As to disease, I sadly had no choice but to conclude I have MBBS. I've been in denial for since last season when I noticed damage on my fruit that I told myself was only anthracnose, but I found multiple leaves covered with damage spots looking like this (the leaves with the most prolific damage are all Kent seedlings):

I've never heard Avocadoes can be afflicted with MBBS, but these are only a few feet away from some of the leaves covered in MBBS. If you look closely, especially at the Day (IMG_5430,jpg), the damage is spotty and has something approaching a halo around some of the damage. Maybe/hopefully it's not MBBS crossing over, but could it be anthracnose?

The Piva I grafted in last season didn't grow much, but it flowered around December and one fruit hung on. It's been "leaking" clear sap from around the stem for the last two weeks. I think it was getting close to pickable, but I didn't want to rush it (I was watching for the stem turn brown). Unfortunately, some critter or falling something damaged it just now:

I guess I pick it now, right? The ants & flies will be all after it now.

Not sure this video hasn't already been posted here before:

I approached my neighbor about doing a mango hedge between out properties, splitting the fruit between us; didn't go horribly, so I've been researching a plan. I'm going with 10' spacing, now I just need to come up with the variety/varieties. The area is along the drainage swales, it can get pretty wet during our rainy months (July-ish), I'm thinking early-season varieties would be the best choice.

Anybody doing something similar with a hedge? I wonder how mixing in an avocado tree or two would work.

These were labeled as Kaffir Lime seeds, but they do not look anything like what I've seen those seeds/leaves to resemble. There's no citrus smell when the leaves are crushed and they taste more like a lettuce variety.

Trying to get ready for this Sunday & Monday, forecasted to be mid/low 30's here overnight. I only have half a dozen or so panicles currently (hopefully that changes after this cold snap), BB-sized fruit on most of them. Is there any use in bagging them or otherwise trying to protect them?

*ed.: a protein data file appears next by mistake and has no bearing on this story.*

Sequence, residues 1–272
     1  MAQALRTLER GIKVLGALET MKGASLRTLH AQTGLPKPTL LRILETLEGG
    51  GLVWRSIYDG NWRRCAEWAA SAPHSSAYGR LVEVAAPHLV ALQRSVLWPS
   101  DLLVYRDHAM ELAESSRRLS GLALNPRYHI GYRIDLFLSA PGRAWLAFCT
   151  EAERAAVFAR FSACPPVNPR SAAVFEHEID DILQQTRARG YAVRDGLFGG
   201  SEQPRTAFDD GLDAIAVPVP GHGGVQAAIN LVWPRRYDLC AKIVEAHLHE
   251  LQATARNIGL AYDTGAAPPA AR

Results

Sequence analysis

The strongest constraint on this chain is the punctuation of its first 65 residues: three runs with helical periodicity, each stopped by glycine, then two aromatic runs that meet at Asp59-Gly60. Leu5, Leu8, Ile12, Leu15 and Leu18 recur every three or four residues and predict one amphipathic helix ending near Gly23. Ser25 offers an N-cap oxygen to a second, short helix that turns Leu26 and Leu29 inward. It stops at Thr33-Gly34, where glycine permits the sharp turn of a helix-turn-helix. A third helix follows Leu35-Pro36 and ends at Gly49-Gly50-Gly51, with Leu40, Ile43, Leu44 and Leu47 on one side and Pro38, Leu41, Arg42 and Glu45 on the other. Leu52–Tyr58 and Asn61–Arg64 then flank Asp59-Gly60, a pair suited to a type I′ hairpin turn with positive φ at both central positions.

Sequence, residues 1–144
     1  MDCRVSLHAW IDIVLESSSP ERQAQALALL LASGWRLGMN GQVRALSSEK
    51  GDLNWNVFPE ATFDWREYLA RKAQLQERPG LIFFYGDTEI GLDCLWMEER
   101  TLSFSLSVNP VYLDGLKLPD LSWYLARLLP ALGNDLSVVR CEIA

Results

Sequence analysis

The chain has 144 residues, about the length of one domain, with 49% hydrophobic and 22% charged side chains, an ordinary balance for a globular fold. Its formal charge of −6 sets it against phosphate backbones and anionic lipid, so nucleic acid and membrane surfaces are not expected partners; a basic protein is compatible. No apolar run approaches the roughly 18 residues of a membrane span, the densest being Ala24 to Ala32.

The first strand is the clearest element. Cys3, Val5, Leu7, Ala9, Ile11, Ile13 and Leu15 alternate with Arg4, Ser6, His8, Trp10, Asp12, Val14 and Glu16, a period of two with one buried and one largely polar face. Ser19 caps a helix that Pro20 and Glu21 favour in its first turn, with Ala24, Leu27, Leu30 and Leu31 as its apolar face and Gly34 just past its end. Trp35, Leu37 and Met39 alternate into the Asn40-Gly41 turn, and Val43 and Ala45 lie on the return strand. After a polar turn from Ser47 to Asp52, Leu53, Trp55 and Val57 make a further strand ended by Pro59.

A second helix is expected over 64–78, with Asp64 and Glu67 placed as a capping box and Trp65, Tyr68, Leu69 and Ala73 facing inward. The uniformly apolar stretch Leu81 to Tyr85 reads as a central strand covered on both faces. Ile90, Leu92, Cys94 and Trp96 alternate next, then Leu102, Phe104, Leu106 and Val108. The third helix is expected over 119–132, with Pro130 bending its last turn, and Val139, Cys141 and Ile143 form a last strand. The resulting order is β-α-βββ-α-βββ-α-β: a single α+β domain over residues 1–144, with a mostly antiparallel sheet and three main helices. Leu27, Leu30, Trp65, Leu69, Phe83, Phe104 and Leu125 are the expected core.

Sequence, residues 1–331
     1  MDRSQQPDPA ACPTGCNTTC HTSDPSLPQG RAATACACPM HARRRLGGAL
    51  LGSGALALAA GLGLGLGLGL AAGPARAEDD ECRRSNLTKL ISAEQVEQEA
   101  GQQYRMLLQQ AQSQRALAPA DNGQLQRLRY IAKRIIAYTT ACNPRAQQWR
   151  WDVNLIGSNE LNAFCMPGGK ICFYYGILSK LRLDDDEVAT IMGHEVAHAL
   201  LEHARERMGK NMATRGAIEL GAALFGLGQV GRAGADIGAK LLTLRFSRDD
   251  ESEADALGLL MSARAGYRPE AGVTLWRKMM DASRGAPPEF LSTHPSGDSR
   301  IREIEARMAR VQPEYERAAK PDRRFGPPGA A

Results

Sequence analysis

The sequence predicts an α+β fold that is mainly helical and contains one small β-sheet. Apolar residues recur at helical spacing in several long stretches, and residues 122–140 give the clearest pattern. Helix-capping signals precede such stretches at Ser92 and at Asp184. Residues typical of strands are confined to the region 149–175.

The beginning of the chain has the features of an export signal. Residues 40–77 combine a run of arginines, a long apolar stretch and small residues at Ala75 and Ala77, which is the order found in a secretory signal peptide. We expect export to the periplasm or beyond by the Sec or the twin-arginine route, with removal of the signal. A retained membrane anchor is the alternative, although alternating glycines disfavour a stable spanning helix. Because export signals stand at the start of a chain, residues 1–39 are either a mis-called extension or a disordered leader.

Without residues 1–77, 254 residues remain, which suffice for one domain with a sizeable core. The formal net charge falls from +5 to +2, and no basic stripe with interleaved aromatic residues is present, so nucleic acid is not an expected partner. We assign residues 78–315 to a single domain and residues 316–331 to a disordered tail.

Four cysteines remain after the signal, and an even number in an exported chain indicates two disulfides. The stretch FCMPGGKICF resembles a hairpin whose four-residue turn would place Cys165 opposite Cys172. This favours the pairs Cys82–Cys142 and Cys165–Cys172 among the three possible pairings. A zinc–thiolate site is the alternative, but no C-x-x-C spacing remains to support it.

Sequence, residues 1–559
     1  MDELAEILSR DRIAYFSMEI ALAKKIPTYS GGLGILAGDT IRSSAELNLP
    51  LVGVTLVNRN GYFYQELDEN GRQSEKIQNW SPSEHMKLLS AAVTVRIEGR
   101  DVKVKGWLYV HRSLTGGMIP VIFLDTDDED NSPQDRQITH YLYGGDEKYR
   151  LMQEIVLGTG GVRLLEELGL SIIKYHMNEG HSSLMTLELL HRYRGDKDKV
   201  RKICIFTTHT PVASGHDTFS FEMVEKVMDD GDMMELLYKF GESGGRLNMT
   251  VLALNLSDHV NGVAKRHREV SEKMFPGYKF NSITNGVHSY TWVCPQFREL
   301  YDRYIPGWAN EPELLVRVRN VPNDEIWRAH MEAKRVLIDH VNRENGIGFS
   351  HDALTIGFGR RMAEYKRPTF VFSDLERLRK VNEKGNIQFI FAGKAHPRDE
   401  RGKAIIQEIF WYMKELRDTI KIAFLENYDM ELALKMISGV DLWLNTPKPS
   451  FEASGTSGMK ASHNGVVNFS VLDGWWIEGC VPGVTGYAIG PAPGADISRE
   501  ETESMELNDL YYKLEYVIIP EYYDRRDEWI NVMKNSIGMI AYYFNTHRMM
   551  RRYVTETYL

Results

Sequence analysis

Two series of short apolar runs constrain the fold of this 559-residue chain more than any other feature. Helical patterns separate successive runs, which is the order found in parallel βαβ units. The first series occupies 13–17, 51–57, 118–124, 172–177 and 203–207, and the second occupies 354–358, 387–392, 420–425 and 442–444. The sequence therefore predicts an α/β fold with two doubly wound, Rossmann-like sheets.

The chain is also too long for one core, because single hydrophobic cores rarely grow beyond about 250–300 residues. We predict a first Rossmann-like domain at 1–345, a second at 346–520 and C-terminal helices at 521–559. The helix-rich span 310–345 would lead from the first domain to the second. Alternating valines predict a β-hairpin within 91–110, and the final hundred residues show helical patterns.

I lost nearly all my panicles to Powdery Mildew last year so I'm determined to fight it this year. I've bought Bonide's 90% micronized sulfur, planning on mixing 1.5 tbls of it per gallon of water in a small pump sprayer.
I've watched half a dozen (Har) videos on the topic, I understand the general conditions where PM thrives (70's or lower temps, still/dry conditions, paired with high humidity), but I'm left with a few unanswered questions. I think I'm in danger of PM now, need to spray ASAP; hoping someone can fill me in on the questions

  • What percentage of humidity should I consider as high? I'm looking at 91% tomorrow overnight, does that qualify?
  • I have panicles with open flowers on them currently, is it safe to spray them with sulfur now?
  • Does sulfur deter flies/bees/etc.,? I know not to spray when they are active, just curious if they'll avoid recently sprayed flowers.
  • Would mixing a nutritional spray in be beneficial/harmful? I have some SouthernAg citrus spray I was thinking of using.

Thanks, anybody!

My tree, going into its second year of producing fruit (last year only one small branch on the tree flowered), has panicles pushing on numerous branches now. Unfortunately, one branch is pushing a very strong/large vegetative flush. I'm wondering if that growth will take energy away from the fruit development and should be removed (by either breaking off the new shoots or trimming off the branch ends). Anybody have any past experience with a situation like this?

The branch is near the center of the tree and as tall as the tallest branches around it. If I allow it to proceed while everything around it flowers, it will become the dominant branch (needing heavy trimming eventually, in any case). The tree is already as tall and wide as I want it to be, I just want it to fruit now.

I made what turned out to be a delicious Indian curry over the weekend; the recipe called for fresh fenugreek leaves which I couldn't find locally, so substituted the fenugreek leaves with celery leaves. In my search to find them locally, I learned fenugreek grows well here in Florida and is also a nitrogen-fixer. Has anybody on here in Florida grown it? Any guesses on how well it would work as a ground cover?

It sounds intriguing, only gets ~2' tall vs pigeon pea and others that get much taller. I really like the idea of using something that has additional benefits, as opposed to something like perennial peanut. The drawbacks I read were it's need for well-draining soil and it has susceptibility to powdery mildew and white flies. Also doesn't sound like it has a very long growing season, so I'll need to work something else in with it to keep the weeds from overtaking the area.

My understanding is there will need to be new stem/branch growth following any pruning before I can expect a panicle from said stem/branch, so any new growth I see directly after pruning cannot be flowers. Is that the correct understanding?

My Lemon Zest branch prompting the question is below. It was pruned just a little late and is pushing currently. Iím telling myself thereís no way itíll be panicles, but the growth looks so promisingÖ